The restaurant industry has traditionally been slow to embrace technology and innovative digital solutions. But in 2020 and 2021, the COVID-19 pandemic changed that and forced restaurants to look beyond traditional. More contactless technology, ways to separate customers from other customers and many additional sanitary measures. Many of the initiatives were the result of the challenge of finding enough help and providing the expected service to customers.
Technology and innovation have helped, if not saved, restaurants that have transformed into this new connected and contactless era. They embraced online ordering, self-checkouts and contactless payments for delivery and pickup.
So which digital trends and tools should be prioritized in 2022 to stay up-to-date, and even ahead of the competition?
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A dominant trend is QR codes. These are important tools for driving restaurant growth and improving the customer experience, enabling dynamic menus that allow restaurateurs to avoid wasting time and budget printing menus and testing new fare.
QR codes are expected to increase by 10% in 2022, following a jump of 15% last year and 25% in 2020. What surprised me is that 68% of adults say they like the convenience and are likely pay using contactless or mobile payment options. if the restaurant offers it.
During COVID, QR codes have served as substitutes for traditional touch menus to prevent the spread of germs. But QR codes represent how technology can transform the dining experience to benefit restaurant customers through self-service ordering and checkout, giving employees the ability to turn more tables and get more tips.
Codes help restaurateurs better understand customer preferences with data and provide greater convenience. At the same time, diners can continue to order food and drinks without having to worry about flagging down a server. With QR codes and mobile menu/ordering, restaurants can introduce loyalty programs, customer rewards, and special offers that can help improve the dining experience of future customer visits. A good example of data that can be captured through mobile ordering platforms is getting immediate customer feedback, by asking customers to quickly press a button to rate their meal and the customer experience. Some newer systems allow the customer to easily filter your menu based on dietary restrictions or preferences such as gluten-free, peanut-free, or dairy-free.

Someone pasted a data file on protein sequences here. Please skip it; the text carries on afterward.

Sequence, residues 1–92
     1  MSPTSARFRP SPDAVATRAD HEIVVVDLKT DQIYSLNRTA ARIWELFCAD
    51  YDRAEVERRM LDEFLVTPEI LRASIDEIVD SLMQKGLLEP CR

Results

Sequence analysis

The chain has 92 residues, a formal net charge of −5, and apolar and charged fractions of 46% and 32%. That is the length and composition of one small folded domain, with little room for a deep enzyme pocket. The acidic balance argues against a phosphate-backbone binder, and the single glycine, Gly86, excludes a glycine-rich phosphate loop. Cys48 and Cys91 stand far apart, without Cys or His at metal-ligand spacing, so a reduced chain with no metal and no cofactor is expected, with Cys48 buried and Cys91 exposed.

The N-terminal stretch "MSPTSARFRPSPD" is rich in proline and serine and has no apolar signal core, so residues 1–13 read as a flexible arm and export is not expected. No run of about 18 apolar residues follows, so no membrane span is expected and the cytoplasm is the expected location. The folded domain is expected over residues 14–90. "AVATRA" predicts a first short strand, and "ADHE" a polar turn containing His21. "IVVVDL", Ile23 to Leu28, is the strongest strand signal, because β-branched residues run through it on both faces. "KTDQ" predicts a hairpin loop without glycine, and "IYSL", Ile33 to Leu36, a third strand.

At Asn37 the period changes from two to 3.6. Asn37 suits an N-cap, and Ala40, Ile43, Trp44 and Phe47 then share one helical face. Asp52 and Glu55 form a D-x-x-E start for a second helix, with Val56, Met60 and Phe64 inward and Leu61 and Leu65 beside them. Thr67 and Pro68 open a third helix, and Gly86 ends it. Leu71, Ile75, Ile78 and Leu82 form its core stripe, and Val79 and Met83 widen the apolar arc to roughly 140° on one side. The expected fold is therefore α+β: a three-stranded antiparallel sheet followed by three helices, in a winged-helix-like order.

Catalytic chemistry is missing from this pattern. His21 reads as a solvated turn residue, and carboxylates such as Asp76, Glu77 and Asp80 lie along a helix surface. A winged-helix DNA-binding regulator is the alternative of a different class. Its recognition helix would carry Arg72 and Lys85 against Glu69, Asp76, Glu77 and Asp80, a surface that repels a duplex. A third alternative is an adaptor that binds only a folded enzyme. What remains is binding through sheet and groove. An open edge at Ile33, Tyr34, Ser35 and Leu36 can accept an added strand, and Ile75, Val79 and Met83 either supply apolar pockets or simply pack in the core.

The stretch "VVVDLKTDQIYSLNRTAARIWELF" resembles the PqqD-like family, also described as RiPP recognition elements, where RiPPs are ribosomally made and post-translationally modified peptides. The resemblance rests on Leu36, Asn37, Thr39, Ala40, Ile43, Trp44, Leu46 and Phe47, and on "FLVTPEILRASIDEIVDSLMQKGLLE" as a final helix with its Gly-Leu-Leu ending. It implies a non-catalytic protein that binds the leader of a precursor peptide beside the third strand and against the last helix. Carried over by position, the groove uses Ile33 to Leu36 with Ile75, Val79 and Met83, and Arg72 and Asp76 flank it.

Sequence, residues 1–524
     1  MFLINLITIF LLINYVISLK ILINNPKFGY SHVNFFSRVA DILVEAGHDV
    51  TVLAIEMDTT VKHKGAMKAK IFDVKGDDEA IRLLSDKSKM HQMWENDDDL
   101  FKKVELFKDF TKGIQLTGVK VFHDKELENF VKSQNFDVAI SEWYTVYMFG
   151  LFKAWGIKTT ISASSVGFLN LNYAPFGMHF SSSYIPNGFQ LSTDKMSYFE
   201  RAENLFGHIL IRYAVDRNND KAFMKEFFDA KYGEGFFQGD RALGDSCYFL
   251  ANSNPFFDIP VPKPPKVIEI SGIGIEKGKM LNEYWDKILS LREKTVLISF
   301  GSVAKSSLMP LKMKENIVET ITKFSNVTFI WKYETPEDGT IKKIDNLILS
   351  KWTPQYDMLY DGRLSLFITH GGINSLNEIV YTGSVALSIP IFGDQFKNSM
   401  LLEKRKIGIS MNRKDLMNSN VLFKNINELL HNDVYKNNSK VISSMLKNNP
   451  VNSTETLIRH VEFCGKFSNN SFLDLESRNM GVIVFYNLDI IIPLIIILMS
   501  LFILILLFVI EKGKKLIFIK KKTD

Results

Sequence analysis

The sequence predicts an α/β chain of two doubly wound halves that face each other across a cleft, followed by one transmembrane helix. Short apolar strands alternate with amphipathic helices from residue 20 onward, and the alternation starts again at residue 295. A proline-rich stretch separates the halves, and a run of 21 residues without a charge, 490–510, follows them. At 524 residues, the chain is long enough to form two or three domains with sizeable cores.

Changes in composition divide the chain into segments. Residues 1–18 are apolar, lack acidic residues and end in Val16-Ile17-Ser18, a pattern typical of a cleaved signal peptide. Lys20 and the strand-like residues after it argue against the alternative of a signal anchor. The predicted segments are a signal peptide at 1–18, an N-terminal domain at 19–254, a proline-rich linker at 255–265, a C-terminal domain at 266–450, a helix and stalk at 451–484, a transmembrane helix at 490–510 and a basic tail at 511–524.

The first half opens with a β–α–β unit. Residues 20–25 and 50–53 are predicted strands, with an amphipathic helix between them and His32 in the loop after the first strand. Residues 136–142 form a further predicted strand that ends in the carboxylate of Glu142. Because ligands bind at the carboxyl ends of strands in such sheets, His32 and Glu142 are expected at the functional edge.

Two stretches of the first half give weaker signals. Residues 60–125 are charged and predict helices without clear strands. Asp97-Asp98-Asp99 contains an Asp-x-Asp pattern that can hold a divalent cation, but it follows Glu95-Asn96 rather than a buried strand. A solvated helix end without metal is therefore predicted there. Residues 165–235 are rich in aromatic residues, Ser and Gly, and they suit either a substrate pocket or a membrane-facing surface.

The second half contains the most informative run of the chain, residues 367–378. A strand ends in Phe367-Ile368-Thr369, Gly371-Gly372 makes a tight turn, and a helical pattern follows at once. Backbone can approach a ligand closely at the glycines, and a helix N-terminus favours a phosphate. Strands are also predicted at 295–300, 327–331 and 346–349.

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The use of NFC (Near Field Technology) is gaining popularity. By simply passing a mobile phone, tablet or contactless bank card near a wireless payment terminal, customers can make sure they are not touching any common surface and make payments without risking their health. I currently do this at the grocery store and at the gas station, but I didn’t know the exact name. Watch for it in restaurants when the waiter brings a handheld terminal to your table for payment. Some systems allow you to receive useful information such as opening hours, menu options and even waiting times and seat availability.
Contactless payments are estimated to triple from $2 trillion to $6 trillion globally by 2024, and having such options would be extremely important to 34% of customers. Cashless, no human contact required – more hygienic and safer – it’s fast, instant and convenient.
We are now familiar with online reservations. Watch out for the possibility of selecting a specific table location in the establishment and ordering your drinks and appetizers in advance, all ready for your arrival. The goal is to reduce the waiting time. Restaurants can use these systems to manage seating, waitlists, customer loyalty, and dining preferences, as well as collect vital customer data, whether for contact tracing or information. on the market.
Online ordering and delivery apps have become very popular during COVID, and they continue to grow in popularity. This service is here to stay as diners get used to getting the food they want when, where and how they want it. The food delivery market is now worth more than $150 billion worldwide, which has more than tripled since 2017, largely due to the pandemic, according to McKinsey statistics.
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All of these tech trends were on display at the National Restaurant Show in Chicago in May. In a future article, I will introduce you to new state-of-the-art catering equipment.
We were thrilled for the grilling demonstration scheduled for May 21 at the Springfield Wabash Ace store. The new date is Saturday, June 11 with LLCC’s Chef Josh Dineen. LLCC Culinary Arts Instructor Kim Carter will be at the Jacksonville Ace on June 25, and Culinary Coordinator Jolene Lamb will be grilling at the Ace in Taylorville on July 9, all at 10 a.m.
Jay Kitterman is a kitchen and special events consultant at Lincoln Land Community College.
Want to know more?
Lincoln Land Community College offers associate degree programs in Culinary Arts and Hospitality Management, Culinary Arts and Baking/Pastry Certificates, and non-credit community courses through the Culinary Institute.
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